Everyone is ready for the harbingers of spring: birds chirping, flowers blooming and rains falling.  However, all those downpours can wreak havoc on your home if you wind up with a wet basement.  It’s not at all unusual for people from Ottawa to Toronto to experience wet basement issues, especially when all the snow melts and “spring showers” hit the ground.

To be sure, it’s not always easy to fix a yard where mini-lakes form every time it rains.  However, when you partner with the right professionals who understand how to evaluate the root causes of the wet yard, you have a good opportunity to stop the issue.

First, it’s important to understand that in many cases, the wet ground that surrounds a home can be made dry by installing a drainage system.  The drainage system methodically removes any excess water and sends it away from the home.  Not only are the small “ponds” gone, but the water cannot get to the home.  (Don’t worry, though: The flower beds and other flora will still get plenty to drink so they can bloom!)

A drainage system is created by trenching around or through the area in the yard that tends to get wet.  In that trench, a weeping-tile is installed.  The drain tile is then surrounded with gravel.  When water falls on the ground, it seeps into the earth and is collected in the trench.  Then, it is drained elsewhere.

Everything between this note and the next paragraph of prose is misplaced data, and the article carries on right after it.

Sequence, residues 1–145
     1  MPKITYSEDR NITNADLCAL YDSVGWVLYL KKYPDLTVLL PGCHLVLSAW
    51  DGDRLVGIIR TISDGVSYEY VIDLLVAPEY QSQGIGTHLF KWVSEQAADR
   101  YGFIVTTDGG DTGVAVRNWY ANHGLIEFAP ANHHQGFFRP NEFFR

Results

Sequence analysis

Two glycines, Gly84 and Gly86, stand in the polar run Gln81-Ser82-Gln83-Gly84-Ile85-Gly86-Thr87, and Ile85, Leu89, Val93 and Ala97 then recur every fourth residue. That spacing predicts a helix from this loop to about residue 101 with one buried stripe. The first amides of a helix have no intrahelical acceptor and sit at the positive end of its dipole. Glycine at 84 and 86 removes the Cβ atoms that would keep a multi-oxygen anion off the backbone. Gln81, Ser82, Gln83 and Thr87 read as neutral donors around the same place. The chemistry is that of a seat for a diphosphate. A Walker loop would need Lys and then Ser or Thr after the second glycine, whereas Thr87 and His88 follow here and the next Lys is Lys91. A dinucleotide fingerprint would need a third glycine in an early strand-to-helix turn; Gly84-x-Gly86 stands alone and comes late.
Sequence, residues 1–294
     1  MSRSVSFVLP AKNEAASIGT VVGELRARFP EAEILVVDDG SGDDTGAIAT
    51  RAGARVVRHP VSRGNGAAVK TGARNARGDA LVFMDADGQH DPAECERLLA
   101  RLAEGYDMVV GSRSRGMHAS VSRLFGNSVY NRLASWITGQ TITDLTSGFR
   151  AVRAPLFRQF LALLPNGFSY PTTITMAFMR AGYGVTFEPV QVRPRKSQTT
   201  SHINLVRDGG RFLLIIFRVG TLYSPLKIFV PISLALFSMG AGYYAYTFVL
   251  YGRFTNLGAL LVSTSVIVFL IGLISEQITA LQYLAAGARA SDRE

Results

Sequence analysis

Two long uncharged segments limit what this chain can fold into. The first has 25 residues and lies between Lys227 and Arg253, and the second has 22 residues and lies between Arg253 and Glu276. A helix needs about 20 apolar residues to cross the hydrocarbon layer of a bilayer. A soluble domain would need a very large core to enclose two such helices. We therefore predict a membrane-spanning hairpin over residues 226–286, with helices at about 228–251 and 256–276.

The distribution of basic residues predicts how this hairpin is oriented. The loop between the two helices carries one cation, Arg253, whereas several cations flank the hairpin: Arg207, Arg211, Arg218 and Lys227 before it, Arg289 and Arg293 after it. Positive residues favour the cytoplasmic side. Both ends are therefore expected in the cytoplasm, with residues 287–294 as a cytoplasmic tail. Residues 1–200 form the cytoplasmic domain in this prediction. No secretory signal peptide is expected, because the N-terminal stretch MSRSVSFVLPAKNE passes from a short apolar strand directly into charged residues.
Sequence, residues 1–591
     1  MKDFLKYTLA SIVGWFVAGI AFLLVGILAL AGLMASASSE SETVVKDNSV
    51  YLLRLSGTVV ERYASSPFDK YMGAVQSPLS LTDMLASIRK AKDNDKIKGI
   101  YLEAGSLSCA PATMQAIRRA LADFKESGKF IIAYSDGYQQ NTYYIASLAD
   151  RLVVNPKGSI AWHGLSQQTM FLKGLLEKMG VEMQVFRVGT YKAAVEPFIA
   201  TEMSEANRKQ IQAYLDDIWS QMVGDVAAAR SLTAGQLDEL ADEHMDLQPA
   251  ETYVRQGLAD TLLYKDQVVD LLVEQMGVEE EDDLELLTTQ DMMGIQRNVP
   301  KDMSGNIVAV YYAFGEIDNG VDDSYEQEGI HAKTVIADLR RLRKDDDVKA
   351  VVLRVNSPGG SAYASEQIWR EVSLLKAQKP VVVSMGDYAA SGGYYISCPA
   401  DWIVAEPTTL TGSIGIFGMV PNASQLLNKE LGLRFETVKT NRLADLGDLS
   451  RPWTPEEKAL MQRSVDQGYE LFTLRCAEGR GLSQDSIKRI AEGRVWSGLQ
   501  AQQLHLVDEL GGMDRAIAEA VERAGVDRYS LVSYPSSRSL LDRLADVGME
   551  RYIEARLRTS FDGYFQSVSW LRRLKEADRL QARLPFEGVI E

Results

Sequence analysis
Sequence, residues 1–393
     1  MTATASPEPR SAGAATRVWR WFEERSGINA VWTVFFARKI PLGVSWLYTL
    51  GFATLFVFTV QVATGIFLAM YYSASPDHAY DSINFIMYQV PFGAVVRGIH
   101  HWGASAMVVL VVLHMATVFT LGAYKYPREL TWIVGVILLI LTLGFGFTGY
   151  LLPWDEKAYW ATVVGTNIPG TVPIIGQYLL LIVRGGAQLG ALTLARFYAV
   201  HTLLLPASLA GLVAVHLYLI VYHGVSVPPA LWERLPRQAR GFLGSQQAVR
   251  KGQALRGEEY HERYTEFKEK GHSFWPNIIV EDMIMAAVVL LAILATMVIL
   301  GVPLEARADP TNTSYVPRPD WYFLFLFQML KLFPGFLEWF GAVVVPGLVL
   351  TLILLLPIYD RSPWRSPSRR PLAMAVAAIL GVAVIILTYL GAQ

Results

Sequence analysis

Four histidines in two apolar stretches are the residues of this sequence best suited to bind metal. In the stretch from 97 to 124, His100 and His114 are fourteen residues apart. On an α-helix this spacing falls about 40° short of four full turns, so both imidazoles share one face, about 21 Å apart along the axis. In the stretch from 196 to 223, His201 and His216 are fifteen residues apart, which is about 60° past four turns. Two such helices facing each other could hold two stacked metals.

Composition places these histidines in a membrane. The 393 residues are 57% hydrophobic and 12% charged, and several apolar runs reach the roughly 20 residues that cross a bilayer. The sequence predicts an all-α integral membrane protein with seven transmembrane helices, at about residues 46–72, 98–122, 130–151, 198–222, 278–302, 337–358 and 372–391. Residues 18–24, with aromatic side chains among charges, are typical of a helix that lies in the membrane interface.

Of course, the water has to be collected somewhere, and there are three mechanisms traditionally used to remove the water:

  1. A passive gravity drainage system.  This type of drainage system takes the water from the trench to a pipe that empties at a bottom of a hill above the ground.  The water flows away from the property.  Unfortunately, many subdivisions have subtle grades, so this isn’t always the best alternative for people who live in a residential neighborhood.
  2. A dry well system.  Using this system, a large 5’ by 5’ hole is excavated.  A “catch basin” is installed in the hole, which creates a large area through into which water can flow.  The catch basin allows the water to pass through it and “percolate” into the ground.  If this type of system is used, the soil must be conducive to absorption.
  3. Lawn Magnum dry well system.  This type of system is perfect for homeowners whose neighbors’ properties drain water into the homeowner’s yard.  The Lawn Magnum system uses a weeping-time in a trench filled with gravel which then leads water to a special dry well.  There, an automatic submersible sump pump pushes the water away to an area where it can flow away from the home.

The good news is that there are always possibilities for homeowners who have wet yards (and who don’t want wet basement problems!)  They simply have to find the right professionals for the job.

Do you have a yard that fills with water on a regular basis?  Contact The Crack Doctor today, and our experts will design the right drainage system for your needs.